Tuesday, October 25, 2011

Herbs from Your Garden in a Bottle

Bottles and bottles of fresh-dried herbs for recipes, gifts, and just because they smell so good!

Here it is approaching late October--and many of my herbs in the garden still look gorgeous. It's hard just to surrender them to the first bite of frost--I always gather the last bouquets, but they won't get me through an herbless winter. Then, I saw a Facebook status from a friend who was drying his basil. Great idea! I dug out my old food dehydrator, and decided to try it.
Most herbs can be dried right on the stem--pretty easy.
I set the dehydrator at 105 degrees, filled the trays with fresh basil and parsley, and let it go!

About five hours later, the parsley was dried, brittle, yet  very green. You want it completely dry so there is no chance for nasty little bacteria to grow in your lovely herb bottle.

I found some tall pretty herb bottles I had bought years ago--embarrassed to say those herbs were still in them! So I emptied them, washed them clean, and dried them well. They were now ready to fill with my own fragrant, fresh-dried herbs.
I actually left the parsley tag on the parsley bottle. Once I crumbled in the dried parsley, using a funnel and skewer--it was bright, green and gorgeous! Exactly the result I wanted. In the meantime, the basil was taking a long time to dry--in the end, it was over eight hours when I finally called it a day for the basil. I didn't feel like it was as successful, but I did get some nice dry basil herbs out of it.
Last basket from the garden
Overall, I'm very happy with this idea, so next on my list is my English Thyme, Lemon Thyme, Garlic Chives, Sundried Tomatoes, and of course, more of that gorgeous flat leaf Parsley!

Eat, Write, Dream (of dried herbs), Stitch!

Wednesday, October 19, 2011

Some days, you have to get your priorities straight--yarn yoga first.

There are things to clean, a pile of papers on your desk, coupons to clip, your job, your messy closet, and shopping to do.  
Yet, all you can see, sitting quietly in the creative corner of your home is a basket of beautiful yarns. They are waiting, just waiting to be transformed into fabric--a fabric that might keep your neck warm, drape around your shoulders, wash your kitchen counters, or even become a tote bag.

Suddenly, life's little and big chores can be put on hold. You need the comfort of your kitties, a mug of tea, a Nancy Meyer movie, and the dependable little click-click-click of your knitting needles before you face another mess to clean or a long day at the office. Think of it as yarn yoga.
And speaking of dependable, one stitch that will never let you down is the stockinette stitch--my very favorite! It is simply knit a row, pearl a row. That's it! If you know how to knit, but are not quite comfortable with pearling, it is very easy to get used to it. Instead of slipping that right needle in the loop behind the left, like you do for the knit stitch, you point the right needle down into the loop in front of the left needle, wrap your yarn over it, and then slip it off. The stockinette stitch creates a nice, smooth knit fabric that is so perfect for so many creations.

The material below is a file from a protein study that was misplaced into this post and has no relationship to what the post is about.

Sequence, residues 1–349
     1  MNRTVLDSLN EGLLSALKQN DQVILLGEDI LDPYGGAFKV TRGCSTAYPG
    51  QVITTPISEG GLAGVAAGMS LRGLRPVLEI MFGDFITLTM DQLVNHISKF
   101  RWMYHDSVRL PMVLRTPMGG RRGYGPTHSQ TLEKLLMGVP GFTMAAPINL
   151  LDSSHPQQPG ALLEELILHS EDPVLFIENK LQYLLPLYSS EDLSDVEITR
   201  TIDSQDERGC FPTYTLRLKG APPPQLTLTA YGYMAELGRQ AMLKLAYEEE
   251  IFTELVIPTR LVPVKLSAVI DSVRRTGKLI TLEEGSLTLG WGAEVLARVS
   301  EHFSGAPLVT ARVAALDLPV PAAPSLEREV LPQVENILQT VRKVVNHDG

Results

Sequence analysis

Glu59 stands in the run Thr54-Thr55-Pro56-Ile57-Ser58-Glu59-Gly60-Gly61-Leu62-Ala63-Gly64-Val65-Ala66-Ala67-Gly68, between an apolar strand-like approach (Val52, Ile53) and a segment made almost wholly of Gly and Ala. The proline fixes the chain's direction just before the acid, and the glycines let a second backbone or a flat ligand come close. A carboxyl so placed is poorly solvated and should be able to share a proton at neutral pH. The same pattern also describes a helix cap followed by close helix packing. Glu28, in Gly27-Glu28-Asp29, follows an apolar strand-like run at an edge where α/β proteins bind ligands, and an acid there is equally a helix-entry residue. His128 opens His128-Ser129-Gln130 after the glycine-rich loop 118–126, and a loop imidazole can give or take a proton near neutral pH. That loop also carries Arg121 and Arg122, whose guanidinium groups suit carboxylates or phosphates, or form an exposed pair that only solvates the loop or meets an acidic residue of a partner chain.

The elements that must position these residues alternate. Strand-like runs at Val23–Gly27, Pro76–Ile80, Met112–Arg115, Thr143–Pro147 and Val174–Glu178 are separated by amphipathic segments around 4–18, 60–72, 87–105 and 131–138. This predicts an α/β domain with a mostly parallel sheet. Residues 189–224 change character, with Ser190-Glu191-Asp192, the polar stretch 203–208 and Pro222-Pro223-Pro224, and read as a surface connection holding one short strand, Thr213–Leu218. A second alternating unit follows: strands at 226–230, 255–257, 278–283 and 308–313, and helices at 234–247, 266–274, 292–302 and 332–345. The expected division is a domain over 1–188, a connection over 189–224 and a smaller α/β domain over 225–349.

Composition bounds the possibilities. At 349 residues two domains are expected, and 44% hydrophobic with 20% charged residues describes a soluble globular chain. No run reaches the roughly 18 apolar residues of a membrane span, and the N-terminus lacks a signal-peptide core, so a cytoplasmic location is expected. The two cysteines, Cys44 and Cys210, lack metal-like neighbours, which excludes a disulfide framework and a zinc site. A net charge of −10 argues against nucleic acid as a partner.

Each end will have a knit-stitch border

I happen to love the 100% cotton Sugar and Cream yarns--and I always find them on sale, so with a whole basket of these yummy yarn planets, I started making what I call a Sugar-n-Cream-Crazy-Scarf. I threw caution to the wind and just started combining different color skeins.
I love self-striping yarns
I started off with the leftovers of a brown and tangerine striped skein, then used leftovers of a color-sprinkled skein, and then started in with the self-striping blues and greens--those may be my fave so far!

I guess I'm a weekend knitter, an evening knitter, and sometimes even a lunch-break knitter. While I currently have several UFO's lurking around my craft studio (Unfinished Objects)--I thought I could take a break from it all and whip up this fabulous crazy scarf for winter. It's going to take a couple of weeks now to finish, because I want to make it nice and wide and long. But I love making it! So therapeutic and calming.

I am now in the middle of a skein of red, white and pink Sugar and Cream. I'm trying to decide if I want the ends of the scarf to match--or if I really want to get crazy and introduce a whole new color. Decisions, decisions. But these are the decisions I love to make. Please enjoy a little yarn yoga for yourself.
To make your Sugar and Cream Crazy Scarf, you will need to cast on 45 stitches using size 7 needles for a nice wide, thick scarf. Knit about 10 rows, and then begin the stockinette stitch. You will need around 8 to 10 skeins of the Sugar and Cream yarn. The skeins are not that big--which is why you can find them on sale for around $1! Keep stitching in stockinette, and then knit the last 10 rows. With all this knitting, and your beautiful creation, you will be calm and cozy when the winter winds hit!

Joseph is hanging out on the greenhouse, while I Eat, Write, Dream, and Stitch!